Residency Planning FAQs - Internal Medicine
Why do students choose to train in your specialty? What is it they find attractive?
Students choose to specialize in internal medicine for several reasons. First and foremost, they are interested in caring for the acute and chronic illnesses seen in adults (over age 18). They are attracted to the intellectual challenge of providing comprehensive care to a patient and derive satisfaction from participating in the continuity care of their patients.
The future career possibilities in internal medicine are enormous. Residents can choose to do primary care general medicine, enter one of the subspecialties of internal medicine, or do other creative ventures - such as working for the CDC, public policy, among others. Subspecialty fellowships are available in many areas. You can deliver comprehensive care as an endocrinologist or nephrologist, or do invasive procedures as a cardiologist or gastroenterologist. Some choose to enter geriatrics, rheumatology or even women's health.
Training in internal medicine provides the resident with a comprehensive approach to medical illness with an emphasis on your relationship with the patient, deductive reasoning, evidence based medicine, differential diagnoses, and long-term management of the medical and psychosocial issues.
What are the top 10 training programs nationally in terms of overall reputation?
- Johns Hopkins
- University of Pennsylvania
- Harvard University
- University of California, San Francisco
- University of Chicago
- University of Washington, Seattle
- Washington University, St. Louis
- Columbia University
- Cornell University
- Duke University
- University of Texas (Southwestern-Dallas)
What are some good regional programs?
- University of Maryland
- Medical College of Virginia
- University of Virginia
- Temple University (Philadelphia)
- University of Pittsburgh
- Jefferson Medical College (Philadelphia)
What are the strengths of the program here at the University of Maryland?
Our philosophy of training at the University of Maryland emphasizes a broad curriculum in internal medicine that allows our residents to be successful in careers as general internists, subspecialists or investigators. To this end, our residents complete a core curriculum in internal medicine and have sufficient elective time to explore areas of interest.
We are very liberal in allowing residents to create electives that suit their needs, such as those in rural medicine, international health, both basic science and clinical research, and complementary medicine, among others. We balance service and education so that residents have an exceptional clinical experience while having enough time to attend conferences, read and search the literature.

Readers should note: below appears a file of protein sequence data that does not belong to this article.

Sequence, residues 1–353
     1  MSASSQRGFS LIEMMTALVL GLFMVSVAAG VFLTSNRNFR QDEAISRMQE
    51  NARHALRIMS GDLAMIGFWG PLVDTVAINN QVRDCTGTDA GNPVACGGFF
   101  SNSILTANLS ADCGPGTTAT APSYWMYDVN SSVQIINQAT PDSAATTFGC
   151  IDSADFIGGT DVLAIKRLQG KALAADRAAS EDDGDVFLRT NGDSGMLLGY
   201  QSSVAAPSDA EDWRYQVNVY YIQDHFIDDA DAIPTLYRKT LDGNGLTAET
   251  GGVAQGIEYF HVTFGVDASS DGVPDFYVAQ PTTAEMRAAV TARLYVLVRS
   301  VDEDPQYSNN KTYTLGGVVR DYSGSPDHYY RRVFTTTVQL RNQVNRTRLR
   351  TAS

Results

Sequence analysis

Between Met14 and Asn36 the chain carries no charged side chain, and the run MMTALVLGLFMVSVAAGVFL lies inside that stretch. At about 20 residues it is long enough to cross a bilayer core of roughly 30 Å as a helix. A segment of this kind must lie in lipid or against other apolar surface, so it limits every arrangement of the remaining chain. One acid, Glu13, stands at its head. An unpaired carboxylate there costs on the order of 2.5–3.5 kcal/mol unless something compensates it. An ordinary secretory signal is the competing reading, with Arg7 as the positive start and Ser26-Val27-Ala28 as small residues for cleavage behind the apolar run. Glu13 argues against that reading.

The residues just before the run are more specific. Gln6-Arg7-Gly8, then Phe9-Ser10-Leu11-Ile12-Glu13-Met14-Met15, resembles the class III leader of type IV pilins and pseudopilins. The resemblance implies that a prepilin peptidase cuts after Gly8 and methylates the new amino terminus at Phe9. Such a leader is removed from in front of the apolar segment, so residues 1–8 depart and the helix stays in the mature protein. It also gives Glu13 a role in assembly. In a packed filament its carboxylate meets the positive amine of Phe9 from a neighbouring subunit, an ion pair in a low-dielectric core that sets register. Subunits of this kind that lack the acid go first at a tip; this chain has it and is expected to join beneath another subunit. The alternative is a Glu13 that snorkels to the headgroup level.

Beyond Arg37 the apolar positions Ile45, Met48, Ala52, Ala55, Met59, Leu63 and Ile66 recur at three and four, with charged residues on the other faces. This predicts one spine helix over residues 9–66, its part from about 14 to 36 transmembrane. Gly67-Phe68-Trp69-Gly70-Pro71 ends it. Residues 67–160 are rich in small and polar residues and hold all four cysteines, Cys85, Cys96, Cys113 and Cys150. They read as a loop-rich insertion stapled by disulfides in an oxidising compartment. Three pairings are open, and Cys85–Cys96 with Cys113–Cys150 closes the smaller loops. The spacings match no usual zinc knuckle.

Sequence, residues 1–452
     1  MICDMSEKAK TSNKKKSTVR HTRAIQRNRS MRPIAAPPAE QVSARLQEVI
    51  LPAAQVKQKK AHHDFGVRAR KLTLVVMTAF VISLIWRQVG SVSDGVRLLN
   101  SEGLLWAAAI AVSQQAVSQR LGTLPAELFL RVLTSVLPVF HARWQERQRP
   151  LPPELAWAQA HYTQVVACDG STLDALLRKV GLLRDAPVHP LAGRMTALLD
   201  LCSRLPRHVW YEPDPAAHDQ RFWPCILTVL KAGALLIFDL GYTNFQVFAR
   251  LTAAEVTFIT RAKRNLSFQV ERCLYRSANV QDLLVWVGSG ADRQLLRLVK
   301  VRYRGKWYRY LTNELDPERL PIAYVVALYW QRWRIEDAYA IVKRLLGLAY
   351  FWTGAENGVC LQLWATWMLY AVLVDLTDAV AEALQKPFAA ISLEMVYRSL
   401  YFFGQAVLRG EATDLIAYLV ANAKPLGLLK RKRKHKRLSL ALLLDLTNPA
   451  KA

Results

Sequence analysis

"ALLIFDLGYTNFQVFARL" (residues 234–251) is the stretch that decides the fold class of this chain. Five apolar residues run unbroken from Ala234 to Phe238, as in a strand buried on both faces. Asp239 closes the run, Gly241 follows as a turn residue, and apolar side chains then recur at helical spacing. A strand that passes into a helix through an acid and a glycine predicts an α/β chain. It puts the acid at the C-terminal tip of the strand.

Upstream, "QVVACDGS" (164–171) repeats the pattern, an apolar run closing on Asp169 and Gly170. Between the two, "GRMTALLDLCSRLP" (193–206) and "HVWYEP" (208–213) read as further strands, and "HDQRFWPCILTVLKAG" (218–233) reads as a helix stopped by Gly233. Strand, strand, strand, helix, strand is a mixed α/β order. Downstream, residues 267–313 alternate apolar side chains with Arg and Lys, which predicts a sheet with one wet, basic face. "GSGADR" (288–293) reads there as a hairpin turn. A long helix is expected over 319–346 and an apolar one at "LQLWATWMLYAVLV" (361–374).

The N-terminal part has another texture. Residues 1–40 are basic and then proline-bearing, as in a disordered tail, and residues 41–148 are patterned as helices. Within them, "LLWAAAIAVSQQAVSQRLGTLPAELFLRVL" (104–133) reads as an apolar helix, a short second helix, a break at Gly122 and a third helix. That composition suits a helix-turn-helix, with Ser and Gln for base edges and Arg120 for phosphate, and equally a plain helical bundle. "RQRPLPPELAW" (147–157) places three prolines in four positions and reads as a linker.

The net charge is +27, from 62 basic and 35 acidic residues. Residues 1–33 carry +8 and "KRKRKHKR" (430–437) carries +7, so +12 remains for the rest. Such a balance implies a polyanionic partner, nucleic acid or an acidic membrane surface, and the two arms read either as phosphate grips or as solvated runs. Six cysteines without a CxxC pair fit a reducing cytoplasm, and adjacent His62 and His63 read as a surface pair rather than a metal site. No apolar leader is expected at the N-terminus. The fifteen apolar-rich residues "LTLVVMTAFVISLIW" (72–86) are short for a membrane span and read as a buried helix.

The support for our residents comes from all levels – the chairman, the program director and faculty, as well as from the residents themselves. Importantly, our residents are given a great deal of autonomy and thereby build their expertise in medicine. With diverse patients, accessible attendings and high academic standards, our residents are superbly prepared for the next step in their careers.
What are the factors you look at when evaluating an applicant from most important to least important?
Intellectual capabilities (clerkship, subinternship and basic science grades, USMLE scores); clinical acumen (as evaluated by faculty, particularly during subinternship, through letters of recommendation and your Dean's letter); interpersonal skills; potential for leadership; interest in caring for the underserved; other degrees (e.g., MPH, PhD, etc.); research experience; interesting other life experiences; volunteerism.
What advice do you have for University of Maryland students interested in your specialty?
Seek out a mentor, someone who was your attending or resident. Talk to them about your interests and ask them why they entered the field. Get an idea for what they like and dislike. Talk to residents in medicine while you are on your medicine clerkship. Imagine how you would feel caring for our patients as your career. Attend conferences in the Department of Medicine. Attend Morning Report and Grand Rounds to get an idea of what active learning is all about. Attend the Internal Medicine Interest Group to meet others who are deciding on internal medicine as a career.
If students have more questions, whom should they contact and how?
For General Internal Medicine:
Susan D. Wolfsthal, MD
Residency Program Director
David Tasker, MD
ssociate Program Director
Ron San Juan, MD
Associate Program Director
Page at 410-894-7479
For Emergency Medicine-Internal Medicine:
Robert Rogers, MD
Associate Program Director
Visit the University of Maryland Medical Center's Internal Medicine Residency web site.
The American College of Physicians also has an informative Internal Medicine Website.